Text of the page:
Laxative-Motilium Combo Effectively Reduces Chronic Constipation in Children With CP, Study Shows

Laxative-Motilium Combo Effectively Reduces Chronic Constipation in Children With CP, Study Shows

A combination of polyethylene glycol and Motilium (domperidone) can decrease chronic constipation in children with cerebral palsy more effectively than either treatment alone, a study suggests.

The study, “Comparison of three therapeutic interventions for chronic constipation in paediatric patients with cerebral palsy: a randomised clinical trial,” was published in the journal Gastroenterology Review.

Constipation is a common problem in children with neurological disorders, including those with cerebral palsy (CP). It can result from a combination of factors, including poor diet and reduced intestinal mobility.

“Usual treatments offered to children with constipation include education, consumption of foods that are high in fiber, increasing drinking of fluids, exercise, and using stool softeners and laxatives,” the researchers wrote.

Polyethylene glycol (PEG) and Motilium are two medications widely used to treat constipation. PEG is an osmotic laxative that works by increasing the amount of water in the stool, making it softer and easier to pass. Motilium is a dopamine antagonist that works by increasing the activity of smooth muscles surrounding the stomach and intestines, promoting gastrointestinal mobility.

In the study, a team of Iranian researchers led a small randomized, double-blind trial to evaluate the effectiveness of PEG, Motilium, and both agents combined, for the treatment of chronic constipation in children with CP.

The study included 50 children (29 boys and 21 girls), with an average age of 5, all of whom had CP and chronic constipation.

Participants were randomly divided into three treatment groups: 17 received PEG (0.5 g/kg/dose); 15 took Motilium (0.2 mg/kg/dose); and the remaining 18 were given both in combination. All treatments were administered three times a day, for two weeks. The children were evaluated after completing their assigned treatment.

A “satisfactory” response to treatment was defined as having more than two bowel movements per week, with no pain while defecating, no fecal incontinence, and no blood in the stool, and also having soft stools on abdominal and rectal examinations.

After two weeks of treatment, satisfactory responses were observed in 10 children (58.8%) given only PEG, and in one (6.6%) given only Motilium. In the group receiving the combo therapy, 17 (94.4%) children had a satisfactory response to treatment.

“The best response was observed in the group that received PEG and Motilium, followed by the group that only received PEG,” the researchers wrote.

Further statistical analyses also showed the use of PEG was associated with improvements in the number of bowel movements and stool consistency. However, PEG did not seem to have a significant effect on fecal incontinence or the presence of blood in the stool.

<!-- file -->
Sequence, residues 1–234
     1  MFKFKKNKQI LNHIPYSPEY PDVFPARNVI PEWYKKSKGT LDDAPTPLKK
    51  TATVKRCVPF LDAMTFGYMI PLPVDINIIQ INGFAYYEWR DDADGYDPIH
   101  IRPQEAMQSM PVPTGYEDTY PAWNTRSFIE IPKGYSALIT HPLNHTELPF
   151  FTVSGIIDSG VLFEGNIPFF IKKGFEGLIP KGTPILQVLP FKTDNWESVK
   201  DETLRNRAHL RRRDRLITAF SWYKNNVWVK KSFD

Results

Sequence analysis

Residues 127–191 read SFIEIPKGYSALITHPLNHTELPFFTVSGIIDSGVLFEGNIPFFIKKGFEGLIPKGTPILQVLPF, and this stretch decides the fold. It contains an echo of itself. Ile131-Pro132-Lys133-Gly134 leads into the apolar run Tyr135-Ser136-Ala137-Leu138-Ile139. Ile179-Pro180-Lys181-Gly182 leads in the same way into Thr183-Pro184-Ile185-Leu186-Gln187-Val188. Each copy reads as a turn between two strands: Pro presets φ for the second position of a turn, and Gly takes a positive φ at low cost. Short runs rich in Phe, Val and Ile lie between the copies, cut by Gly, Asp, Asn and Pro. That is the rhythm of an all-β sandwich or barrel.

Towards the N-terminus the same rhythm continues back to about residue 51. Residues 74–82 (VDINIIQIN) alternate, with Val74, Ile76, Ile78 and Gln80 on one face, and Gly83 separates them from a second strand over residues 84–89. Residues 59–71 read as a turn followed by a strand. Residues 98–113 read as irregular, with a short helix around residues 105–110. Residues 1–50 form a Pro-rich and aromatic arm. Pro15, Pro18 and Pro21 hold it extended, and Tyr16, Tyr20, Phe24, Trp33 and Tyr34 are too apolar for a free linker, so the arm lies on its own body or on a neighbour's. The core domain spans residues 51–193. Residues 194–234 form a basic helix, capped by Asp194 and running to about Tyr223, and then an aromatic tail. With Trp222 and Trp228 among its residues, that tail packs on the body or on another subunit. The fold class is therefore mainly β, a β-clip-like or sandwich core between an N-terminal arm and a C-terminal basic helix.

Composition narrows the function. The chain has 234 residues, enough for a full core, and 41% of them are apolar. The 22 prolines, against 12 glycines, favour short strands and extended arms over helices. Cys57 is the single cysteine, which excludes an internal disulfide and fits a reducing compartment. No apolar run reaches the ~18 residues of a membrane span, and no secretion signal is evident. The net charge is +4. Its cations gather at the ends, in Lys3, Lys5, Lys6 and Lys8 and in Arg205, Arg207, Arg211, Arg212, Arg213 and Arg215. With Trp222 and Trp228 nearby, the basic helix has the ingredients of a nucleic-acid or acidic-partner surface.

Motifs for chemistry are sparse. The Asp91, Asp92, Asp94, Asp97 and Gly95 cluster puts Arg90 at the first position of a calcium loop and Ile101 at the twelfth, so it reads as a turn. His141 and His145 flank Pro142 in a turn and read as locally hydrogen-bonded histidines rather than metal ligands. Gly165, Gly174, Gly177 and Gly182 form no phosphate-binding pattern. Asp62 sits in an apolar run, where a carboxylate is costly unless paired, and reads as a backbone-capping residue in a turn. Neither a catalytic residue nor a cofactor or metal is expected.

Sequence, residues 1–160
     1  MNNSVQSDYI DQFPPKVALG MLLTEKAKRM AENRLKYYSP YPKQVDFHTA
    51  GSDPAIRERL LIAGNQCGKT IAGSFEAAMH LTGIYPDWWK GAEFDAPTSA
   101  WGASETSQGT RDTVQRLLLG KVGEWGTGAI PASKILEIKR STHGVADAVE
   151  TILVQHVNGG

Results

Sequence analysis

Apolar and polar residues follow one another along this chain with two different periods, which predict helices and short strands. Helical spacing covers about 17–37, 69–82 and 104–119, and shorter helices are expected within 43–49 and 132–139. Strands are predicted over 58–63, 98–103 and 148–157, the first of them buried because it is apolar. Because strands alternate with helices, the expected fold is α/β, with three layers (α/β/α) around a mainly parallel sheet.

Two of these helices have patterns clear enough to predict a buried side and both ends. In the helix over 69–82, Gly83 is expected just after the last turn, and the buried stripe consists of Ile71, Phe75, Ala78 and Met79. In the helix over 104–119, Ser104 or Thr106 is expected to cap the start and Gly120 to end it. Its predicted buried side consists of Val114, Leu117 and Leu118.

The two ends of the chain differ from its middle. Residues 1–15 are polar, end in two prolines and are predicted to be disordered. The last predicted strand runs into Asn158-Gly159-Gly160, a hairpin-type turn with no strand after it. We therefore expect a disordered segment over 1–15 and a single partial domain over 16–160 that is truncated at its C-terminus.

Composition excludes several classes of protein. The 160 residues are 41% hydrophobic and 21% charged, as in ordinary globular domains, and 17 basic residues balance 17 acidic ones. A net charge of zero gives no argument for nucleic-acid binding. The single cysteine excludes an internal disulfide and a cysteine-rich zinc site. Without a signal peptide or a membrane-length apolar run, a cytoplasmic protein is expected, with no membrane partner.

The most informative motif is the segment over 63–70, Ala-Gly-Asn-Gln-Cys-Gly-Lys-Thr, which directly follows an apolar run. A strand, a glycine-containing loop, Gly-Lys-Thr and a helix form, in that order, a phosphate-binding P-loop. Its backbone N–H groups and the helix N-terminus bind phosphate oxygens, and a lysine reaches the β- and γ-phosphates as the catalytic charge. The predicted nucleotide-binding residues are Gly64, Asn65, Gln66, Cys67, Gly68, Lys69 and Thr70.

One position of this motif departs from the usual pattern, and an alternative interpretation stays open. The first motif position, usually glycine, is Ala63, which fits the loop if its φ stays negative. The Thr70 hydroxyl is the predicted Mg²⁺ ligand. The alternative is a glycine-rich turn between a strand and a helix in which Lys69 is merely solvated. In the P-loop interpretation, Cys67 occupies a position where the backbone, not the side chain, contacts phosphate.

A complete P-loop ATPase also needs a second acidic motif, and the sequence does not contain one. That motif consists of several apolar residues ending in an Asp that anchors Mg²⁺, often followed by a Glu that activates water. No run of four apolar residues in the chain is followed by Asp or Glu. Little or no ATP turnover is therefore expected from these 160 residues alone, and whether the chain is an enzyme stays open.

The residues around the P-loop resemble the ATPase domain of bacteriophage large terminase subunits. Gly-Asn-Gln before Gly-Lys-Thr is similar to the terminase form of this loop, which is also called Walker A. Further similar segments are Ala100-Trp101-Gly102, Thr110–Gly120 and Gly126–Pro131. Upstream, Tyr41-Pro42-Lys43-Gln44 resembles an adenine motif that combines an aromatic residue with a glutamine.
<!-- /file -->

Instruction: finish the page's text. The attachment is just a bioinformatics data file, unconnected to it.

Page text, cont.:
The fact that the combo therapy was more effective than either treatment alone, the researchers said, is likely due to the different mechanisms by which they work. This could allow the use of different means simultaneously to effectively treat constipation; each mechanism could specifically address different factors that contribute to the problem.

“The effect of addition of Motilium to PEG is probably due to the effect of Motilium on the upper [gastrointestinal] tract and improvement of gastric functions,” the researchers wrote. “On the other hand, PEG affects defecation due to its osmotic effect, which results in non-painful defecation.”

Marisa holds an MS in Cellular and Molecular Pathology from the University of Pittsburgh, where she studied novel genetic drivers of ovarian cancer. She specializes in cancer biology, immunology, and genetics. Marisa began working with BioNews in 2018, and has written about science and health for SelfHacked and the Genetics Society of America. She also writes/composes musicals and coaches the University of Pittsburgh fencing club.
Total Posts: 70
Ana holds a PhD in Immunology from the University of Lisbon and worked as a postdoctoral researcher at Instituto de Medicina Molecular (iMM) in Lisbon, Portugal. She graduated with a BSc in Genetics from the University of Newcastle and received a Masters in Biomolecular Archaeology from the University of Manchester, England. After leaving the lab to pursue a career in Science Communication, she served as the Director of Science Communication at iMM.
×
Marisa holds an MS in Cellular and Molecular Pathology from the University of Pittsburgh, where she studied novel genetic drivers of ovarian cancer. She specializes in cancer biology, immunology, and genetics. Marisa began working with BioNews in 2018, and has written about science and health for SelfHacked and the Genetics Society of America. She also writes/composes musicals and coaches the University of Pittsburgh fencing club.
Latest Posts
  • functional power training, cerebral palsy
  • quality of life
  • walking aid
  • virtual reality